Is there healthcare gold for people with eczema in this orange-yellow spice? Scientists aren’t sure, but early research is promising.
Published On: May 11, 2020
Last Updated On: Nov 9, 2020
Ayurveda, which translates from Sanskrit as “knowledge of life,” is a system of medicine that began in India more than 5,000 years ago.
At its root, Ayurvedic medicine seeks to bring the body into balance using a tailored set of tools that include oils, dietary changes, herbs, massage and mind-body practices, according to board-certified dermatologist and Ayurvedic medicine practitioner Dr. Raja Sivamani, who is adjunct associate professor of clinical dermatology and director of clinical research at the University of California, Davis.
“In the Ayurvedic system, each person has a set constitution that defines what kind of physiologic tendencies they have to develop imbalances. The constitution and imbalances are described by three ‘doshas,’ or types: vata, pitta and kapha,” Sivamani explained.
Ayurvedic practitioners use these tendencies to describe how your body functions and how it might react to different factors, such as what you eat or what you put on your skin.
Eczema is caused by imbalances in the skin and immune system. Ayurvedic medicine emphasizes a holistic, personalized approach to restore balance. An Ayurvedic practitioner will look at everything from your diet to what kind of topical you use to how you work out and manage stress.
“Using this evaluation, the practitioner can then prescribe specific foods, oils, exercise and mind-body practices that help bring the body and mind back into balance,” Sivamani said.
“This might mean prescribing massage with oils that are directly helpful to the skin, while the process relaxes the mind. With diet, it might mean not only what to avoid, but what kind of herbs and spices you could add that may help with both gut and skin health.”
Sivamani integrates both Western therapies and alternative medicine practices like Ayurveda into his care of people with eczema and other skin conditions.
“Western medication works well to bring an eczema flare under control, while Ayurveda comes in when you think about long-term management and improving other areas of physical and mental health,” he said. “Ayurveda should be used as a complement to — not a replacement for—Western medicine.”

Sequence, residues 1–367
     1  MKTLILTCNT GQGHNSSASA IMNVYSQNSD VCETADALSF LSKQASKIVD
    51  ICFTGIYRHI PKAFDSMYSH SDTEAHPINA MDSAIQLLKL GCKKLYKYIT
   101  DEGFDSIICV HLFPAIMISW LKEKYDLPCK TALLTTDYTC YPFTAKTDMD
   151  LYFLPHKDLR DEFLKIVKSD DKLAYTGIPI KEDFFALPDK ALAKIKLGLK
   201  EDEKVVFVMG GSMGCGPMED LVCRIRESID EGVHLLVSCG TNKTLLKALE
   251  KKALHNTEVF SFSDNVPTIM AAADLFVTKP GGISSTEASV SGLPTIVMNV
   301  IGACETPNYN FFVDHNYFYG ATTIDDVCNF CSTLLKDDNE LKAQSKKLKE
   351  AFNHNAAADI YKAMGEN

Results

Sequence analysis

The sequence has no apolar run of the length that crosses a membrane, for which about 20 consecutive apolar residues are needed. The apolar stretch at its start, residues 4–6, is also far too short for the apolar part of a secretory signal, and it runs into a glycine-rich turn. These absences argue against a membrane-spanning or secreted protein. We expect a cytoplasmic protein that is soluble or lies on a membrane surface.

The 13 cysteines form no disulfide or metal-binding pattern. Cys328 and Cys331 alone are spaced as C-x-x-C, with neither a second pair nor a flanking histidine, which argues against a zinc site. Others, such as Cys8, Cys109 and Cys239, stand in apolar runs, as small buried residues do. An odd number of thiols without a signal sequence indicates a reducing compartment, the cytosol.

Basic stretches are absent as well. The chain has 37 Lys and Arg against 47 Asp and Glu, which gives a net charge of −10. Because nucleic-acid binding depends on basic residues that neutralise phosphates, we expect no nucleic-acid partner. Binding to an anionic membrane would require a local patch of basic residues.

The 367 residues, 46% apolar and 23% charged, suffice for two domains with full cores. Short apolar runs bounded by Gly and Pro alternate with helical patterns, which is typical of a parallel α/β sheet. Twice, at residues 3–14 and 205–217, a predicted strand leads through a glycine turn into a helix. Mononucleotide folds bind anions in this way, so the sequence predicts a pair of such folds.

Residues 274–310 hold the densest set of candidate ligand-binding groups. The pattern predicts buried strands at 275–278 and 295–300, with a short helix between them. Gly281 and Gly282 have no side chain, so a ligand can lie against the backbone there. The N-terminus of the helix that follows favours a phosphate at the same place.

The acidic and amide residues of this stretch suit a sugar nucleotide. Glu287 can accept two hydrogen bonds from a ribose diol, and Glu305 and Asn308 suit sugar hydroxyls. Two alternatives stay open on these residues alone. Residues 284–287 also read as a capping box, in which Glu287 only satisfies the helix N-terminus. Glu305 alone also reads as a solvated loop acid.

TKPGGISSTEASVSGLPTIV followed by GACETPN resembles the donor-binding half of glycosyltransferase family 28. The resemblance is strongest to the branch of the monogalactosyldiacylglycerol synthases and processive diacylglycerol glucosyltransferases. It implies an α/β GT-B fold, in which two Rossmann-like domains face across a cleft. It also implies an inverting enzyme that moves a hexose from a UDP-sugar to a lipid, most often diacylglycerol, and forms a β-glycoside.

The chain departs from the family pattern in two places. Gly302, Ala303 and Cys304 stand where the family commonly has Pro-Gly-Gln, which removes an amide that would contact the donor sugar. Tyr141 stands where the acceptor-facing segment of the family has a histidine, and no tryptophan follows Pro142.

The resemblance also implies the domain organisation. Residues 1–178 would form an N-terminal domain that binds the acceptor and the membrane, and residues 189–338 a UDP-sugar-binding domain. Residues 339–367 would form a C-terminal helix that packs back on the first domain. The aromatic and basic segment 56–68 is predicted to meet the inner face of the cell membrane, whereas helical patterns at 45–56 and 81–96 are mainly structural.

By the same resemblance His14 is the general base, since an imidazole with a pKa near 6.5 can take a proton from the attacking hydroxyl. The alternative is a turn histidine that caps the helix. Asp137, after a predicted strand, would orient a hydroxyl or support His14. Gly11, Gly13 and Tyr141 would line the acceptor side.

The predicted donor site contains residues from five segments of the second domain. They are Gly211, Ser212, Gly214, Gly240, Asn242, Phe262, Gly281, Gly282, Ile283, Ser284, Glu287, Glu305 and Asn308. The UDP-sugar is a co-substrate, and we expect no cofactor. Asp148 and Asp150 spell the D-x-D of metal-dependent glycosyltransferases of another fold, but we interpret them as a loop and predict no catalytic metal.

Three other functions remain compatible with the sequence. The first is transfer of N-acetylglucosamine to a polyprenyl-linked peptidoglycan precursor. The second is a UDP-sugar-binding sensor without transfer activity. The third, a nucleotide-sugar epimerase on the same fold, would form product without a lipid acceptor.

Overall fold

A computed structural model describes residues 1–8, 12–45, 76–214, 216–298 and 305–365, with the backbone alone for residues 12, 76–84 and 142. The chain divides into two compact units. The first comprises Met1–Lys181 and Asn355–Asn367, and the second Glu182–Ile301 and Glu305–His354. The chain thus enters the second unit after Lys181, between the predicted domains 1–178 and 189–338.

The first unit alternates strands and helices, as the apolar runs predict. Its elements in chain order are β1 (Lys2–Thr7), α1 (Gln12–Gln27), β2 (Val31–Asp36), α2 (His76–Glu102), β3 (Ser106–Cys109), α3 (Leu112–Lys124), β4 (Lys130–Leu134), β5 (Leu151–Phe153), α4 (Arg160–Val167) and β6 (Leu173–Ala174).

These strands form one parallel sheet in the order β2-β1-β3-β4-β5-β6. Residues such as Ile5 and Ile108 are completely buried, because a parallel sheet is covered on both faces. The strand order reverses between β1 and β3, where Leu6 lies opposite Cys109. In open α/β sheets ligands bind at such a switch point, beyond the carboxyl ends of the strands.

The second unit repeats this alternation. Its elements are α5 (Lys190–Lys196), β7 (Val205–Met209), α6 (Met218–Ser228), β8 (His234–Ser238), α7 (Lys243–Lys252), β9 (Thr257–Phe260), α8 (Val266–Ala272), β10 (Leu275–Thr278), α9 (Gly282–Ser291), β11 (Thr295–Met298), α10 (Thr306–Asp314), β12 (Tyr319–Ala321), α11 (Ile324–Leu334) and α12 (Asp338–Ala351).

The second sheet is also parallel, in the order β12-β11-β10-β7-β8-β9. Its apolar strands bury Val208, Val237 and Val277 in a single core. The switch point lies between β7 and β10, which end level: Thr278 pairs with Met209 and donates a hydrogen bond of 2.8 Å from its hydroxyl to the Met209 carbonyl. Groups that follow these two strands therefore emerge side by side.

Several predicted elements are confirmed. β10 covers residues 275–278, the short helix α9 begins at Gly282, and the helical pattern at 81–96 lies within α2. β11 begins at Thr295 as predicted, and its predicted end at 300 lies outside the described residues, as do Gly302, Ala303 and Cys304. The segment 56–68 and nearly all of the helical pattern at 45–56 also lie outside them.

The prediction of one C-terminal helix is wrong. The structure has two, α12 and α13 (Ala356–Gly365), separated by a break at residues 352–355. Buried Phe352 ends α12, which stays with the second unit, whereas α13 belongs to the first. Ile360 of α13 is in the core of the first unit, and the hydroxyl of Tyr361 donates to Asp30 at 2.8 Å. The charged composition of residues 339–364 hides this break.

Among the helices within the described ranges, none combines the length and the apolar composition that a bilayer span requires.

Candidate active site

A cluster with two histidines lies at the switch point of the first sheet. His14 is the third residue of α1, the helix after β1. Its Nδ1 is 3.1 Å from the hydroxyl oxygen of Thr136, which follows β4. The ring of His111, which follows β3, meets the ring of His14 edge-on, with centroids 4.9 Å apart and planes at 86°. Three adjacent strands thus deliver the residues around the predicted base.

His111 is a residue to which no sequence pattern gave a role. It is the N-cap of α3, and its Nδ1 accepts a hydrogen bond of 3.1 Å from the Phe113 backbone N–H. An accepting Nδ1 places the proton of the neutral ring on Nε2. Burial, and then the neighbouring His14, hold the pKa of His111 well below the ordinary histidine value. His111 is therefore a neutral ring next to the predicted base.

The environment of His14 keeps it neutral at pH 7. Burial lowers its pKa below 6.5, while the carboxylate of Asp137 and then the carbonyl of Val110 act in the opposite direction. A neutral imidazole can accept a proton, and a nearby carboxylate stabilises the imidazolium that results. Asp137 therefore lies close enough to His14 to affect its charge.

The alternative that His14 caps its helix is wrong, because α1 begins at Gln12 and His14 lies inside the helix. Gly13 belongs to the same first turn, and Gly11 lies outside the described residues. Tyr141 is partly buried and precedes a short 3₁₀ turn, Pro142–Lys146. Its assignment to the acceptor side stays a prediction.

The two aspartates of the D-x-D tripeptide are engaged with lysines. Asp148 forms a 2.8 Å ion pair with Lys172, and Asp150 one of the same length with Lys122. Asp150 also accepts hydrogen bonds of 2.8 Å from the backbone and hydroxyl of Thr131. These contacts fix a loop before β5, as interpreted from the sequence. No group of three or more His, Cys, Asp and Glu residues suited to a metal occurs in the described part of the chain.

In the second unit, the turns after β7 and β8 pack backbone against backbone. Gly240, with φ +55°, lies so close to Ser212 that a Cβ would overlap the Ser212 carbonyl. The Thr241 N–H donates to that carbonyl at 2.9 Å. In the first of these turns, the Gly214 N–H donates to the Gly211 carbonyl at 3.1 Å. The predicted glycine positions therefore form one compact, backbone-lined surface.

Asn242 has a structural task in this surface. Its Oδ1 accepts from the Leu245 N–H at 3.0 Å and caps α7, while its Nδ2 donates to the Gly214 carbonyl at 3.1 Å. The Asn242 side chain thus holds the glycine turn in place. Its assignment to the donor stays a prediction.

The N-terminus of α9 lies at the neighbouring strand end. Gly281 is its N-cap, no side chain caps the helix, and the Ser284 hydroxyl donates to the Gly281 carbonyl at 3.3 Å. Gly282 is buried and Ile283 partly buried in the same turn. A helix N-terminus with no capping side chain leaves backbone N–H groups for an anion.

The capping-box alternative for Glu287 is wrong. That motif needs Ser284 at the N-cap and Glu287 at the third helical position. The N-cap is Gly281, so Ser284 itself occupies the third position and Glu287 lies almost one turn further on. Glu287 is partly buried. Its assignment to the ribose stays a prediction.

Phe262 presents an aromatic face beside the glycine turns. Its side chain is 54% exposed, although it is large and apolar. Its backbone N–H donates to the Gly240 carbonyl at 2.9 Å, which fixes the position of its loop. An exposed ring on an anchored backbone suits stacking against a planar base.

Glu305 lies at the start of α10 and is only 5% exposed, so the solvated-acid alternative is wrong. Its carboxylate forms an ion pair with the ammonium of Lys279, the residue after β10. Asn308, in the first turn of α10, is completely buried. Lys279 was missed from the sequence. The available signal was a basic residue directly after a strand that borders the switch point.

There are limited studies of Ayurveda and eczema or other skin conditions – largely because it’s difficult to implement Western research methods on a non-Western wellness practice, Sivamani said.
“Often, these trials take an Ayurvedic therapy and study its effect on people who haven’t been grouped according to their type, or dosha,” he said. “That said, recent studies show that clusters of genes in individuals match up well with Ayurvedic dosha assessments.”
The bottom line, he said, is that science supports a genetic basis for Ayurveda, but more and better-designed research is needed to figure out how well the practice works for specific conditions.
As with Western medicine, Ayurveda is not a do-it-yourself practice. First, you need to find a qualified Ayurvedic practitioner who will collaborate with your physicians.
The National Ayurvedic Medical Association has a tool for finding vetted practitioners and is a good resource for more information about Ayurveda, said Sivamani.
He noted that one common misunderstanding about Ayurveda and other alternative practices is that they offer a “cure.”
“That’s not how Ayurveda — or any alternative medicine — works. Instead, Ayurveda for people with eczema is a way to create lifestyle habits that match individual tendencies to minimize flares and maximize control of the condition,” he said.